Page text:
SOURCES: Mark Friedell, M.D., chairman, department of surgery, University of Missouri-Kansas City School of Medicine; Gregg Fonarow, M.D., professor, cardiology, University of California, Los Angeles; May 27, 2015, JAMA Surgery, online
WEDNESDAY, May 27, 2015 (HealthDay News) -- A new study questions the practice of giving heart-healthy patients blood pressure drugs before surgeries that do not involve the heart.
While patients with three or four heart risk factors should still be given beta-blockers before an operation, people with no risk for heart disease shouldn't get the medications because it might lower the odds of a good outcome, the researchers reported.
Previously these drugs were thought to protect the heart during an operation, but their ability to lower blood pressure caused some patients without heart risk factors to develop dangerously low blood pressure and die from strokes, said lead researcher Dr. Mark Friedell, chairman of the department of surgery at the University of Missouri-Kansas City School of Medicine.
"Patients who have significant cardiac risk factors benefit from beta-blockers started before surgery, but patients who don't have any cardiac risk factors do worse when beta-blockers are started before surgery," he said.
According to the American Heart Association, those risk factors include high blood pressure, high cholesterol, diabetes, family history of heart disease, smoking and obesity.
Beta-blockers are used to lower blood pressure and slow the heart.
Friedell said that patients with one or two heart risk factors showed no benefit from beta-blockers. However, those with three or four risk factors benefited significantly from the drug.
Conversely, patients with no heart risk factors who were given a beta-blocker were 1.2 times more likely to die during the study period than those not given the drug.
"Beta-blockers should not be started before surgery on those with no cardiac risk factors," he said.
However, Friedell cautioned that patients already taking a beta-blocker should continue to take it before, during and after surgery.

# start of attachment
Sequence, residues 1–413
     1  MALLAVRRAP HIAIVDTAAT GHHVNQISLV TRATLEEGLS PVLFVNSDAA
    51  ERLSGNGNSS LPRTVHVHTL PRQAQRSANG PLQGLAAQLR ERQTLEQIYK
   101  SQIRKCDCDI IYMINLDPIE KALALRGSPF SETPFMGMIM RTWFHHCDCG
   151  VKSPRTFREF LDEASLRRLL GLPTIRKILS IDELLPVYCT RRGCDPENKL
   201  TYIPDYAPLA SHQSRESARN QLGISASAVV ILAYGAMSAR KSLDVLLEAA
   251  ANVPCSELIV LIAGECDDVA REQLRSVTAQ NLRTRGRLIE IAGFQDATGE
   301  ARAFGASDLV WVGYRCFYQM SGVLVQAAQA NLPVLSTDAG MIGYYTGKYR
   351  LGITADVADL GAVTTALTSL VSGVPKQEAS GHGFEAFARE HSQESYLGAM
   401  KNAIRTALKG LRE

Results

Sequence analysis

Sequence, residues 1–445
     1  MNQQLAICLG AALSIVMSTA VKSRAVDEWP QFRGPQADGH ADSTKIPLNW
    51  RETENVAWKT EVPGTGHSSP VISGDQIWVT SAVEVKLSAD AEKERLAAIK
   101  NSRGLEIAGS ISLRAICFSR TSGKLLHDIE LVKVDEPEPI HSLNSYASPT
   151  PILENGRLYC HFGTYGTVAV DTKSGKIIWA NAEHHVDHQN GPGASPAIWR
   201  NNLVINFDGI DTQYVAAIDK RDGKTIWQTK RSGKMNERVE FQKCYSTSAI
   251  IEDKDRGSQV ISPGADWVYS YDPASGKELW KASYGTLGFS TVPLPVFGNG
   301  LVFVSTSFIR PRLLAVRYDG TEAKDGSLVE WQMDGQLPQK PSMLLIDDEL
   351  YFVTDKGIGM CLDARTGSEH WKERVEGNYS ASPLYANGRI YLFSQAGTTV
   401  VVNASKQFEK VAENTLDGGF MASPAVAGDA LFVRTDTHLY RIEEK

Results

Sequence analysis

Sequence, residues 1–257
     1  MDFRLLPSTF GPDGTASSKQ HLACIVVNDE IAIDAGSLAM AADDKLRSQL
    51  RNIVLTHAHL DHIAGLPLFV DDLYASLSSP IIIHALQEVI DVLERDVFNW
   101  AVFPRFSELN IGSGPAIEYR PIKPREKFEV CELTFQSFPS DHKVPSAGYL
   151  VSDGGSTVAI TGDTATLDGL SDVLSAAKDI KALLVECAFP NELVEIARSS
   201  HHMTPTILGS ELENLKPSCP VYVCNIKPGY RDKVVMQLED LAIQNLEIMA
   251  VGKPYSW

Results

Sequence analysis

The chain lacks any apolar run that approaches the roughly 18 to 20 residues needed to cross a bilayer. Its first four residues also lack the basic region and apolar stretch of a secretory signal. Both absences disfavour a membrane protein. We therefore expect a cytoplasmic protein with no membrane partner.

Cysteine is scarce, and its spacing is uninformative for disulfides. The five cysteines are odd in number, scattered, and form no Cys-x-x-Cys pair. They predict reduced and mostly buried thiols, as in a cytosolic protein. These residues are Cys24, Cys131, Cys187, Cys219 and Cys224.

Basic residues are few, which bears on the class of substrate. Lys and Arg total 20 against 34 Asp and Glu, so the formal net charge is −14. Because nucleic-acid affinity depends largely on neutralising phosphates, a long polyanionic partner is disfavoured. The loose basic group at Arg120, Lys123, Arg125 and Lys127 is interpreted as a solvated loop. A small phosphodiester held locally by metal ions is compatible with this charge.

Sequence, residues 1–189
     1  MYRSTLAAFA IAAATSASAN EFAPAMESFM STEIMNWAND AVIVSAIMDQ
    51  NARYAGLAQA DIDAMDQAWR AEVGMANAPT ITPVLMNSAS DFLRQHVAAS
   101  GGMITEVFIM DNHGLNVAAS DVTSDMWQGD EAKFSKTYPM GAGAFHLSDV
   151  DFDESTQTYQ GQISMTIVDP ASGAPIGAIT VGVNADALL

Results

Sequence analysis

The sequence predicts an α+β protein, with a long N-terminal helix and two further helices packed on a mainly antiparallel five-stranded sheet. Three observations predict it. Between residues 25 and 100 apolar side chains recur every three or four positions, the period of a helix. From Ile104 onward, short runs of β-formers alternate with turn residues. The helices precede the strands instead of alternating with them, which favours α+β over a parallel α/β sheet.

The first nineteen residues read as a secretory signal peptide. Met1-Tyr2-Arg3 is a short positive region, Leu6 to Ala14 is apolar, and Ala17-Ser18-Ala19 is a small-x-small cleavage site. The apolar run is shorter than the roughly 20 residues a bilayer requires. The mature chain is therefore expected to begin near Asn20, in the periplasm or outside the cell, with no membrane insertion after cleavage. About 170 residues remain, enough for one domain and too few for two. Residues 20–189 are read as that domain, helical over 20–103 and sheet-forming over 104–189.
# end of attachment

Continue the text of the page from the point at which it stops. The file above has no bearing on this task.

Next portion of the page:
The report was published online May 27 in the journal JAMA Surgery.
For the study, Friedell's team collected data on more than 325,000 patients. Just over 96 percent of the study patients had non-cardiac surgery and nearly 4 percent had heart surgery. Among all of the patients, 43 percent were given a beta-blocker.
Of the patients who did not get a beta-blocker, 0.5 percent of those who had no heart risk factors died within 30 days after surgery, as did 1.4 percent of those with one or two risk factors and 6.7 percent of those with three to four risk factors, the researchers found.
For those who did get a beta-blocker, 1 percent of those with no heart risk factors died, as did 1.7 percent of those with one or two risk factors and 3.5 percent of those with three to four risk factors, the findings showed.
Dr. Gregg Fonarow, a professor of cardiology at the University of California, Los Angeles, said, "The use of beta-blocker therapy to reduce the risk of cardiovascular events in patients undergoing non-cardiac surgery has been controversial, with guideline recommendations having undergone substantial revision in recent years."
Initial small studies suggested significant benefits with beta-blockers, but some of these trials were later found to be unreliable, added Fonarow, who was not involved with the new study.
"A more recent, large clinical trial showed lower risk of heart attack and stroke and death with beta-blocker therapy [in patients with heart risk factors], but higher risk of low blood pressure, stroke, and death [in patients without heart risk factors]," Fonarow said. "Earlier studies have suggested a benefit in patients with cardiac risk factors but potential harm in low-risk patients."
Visit the American Heart Association for more on heart disease.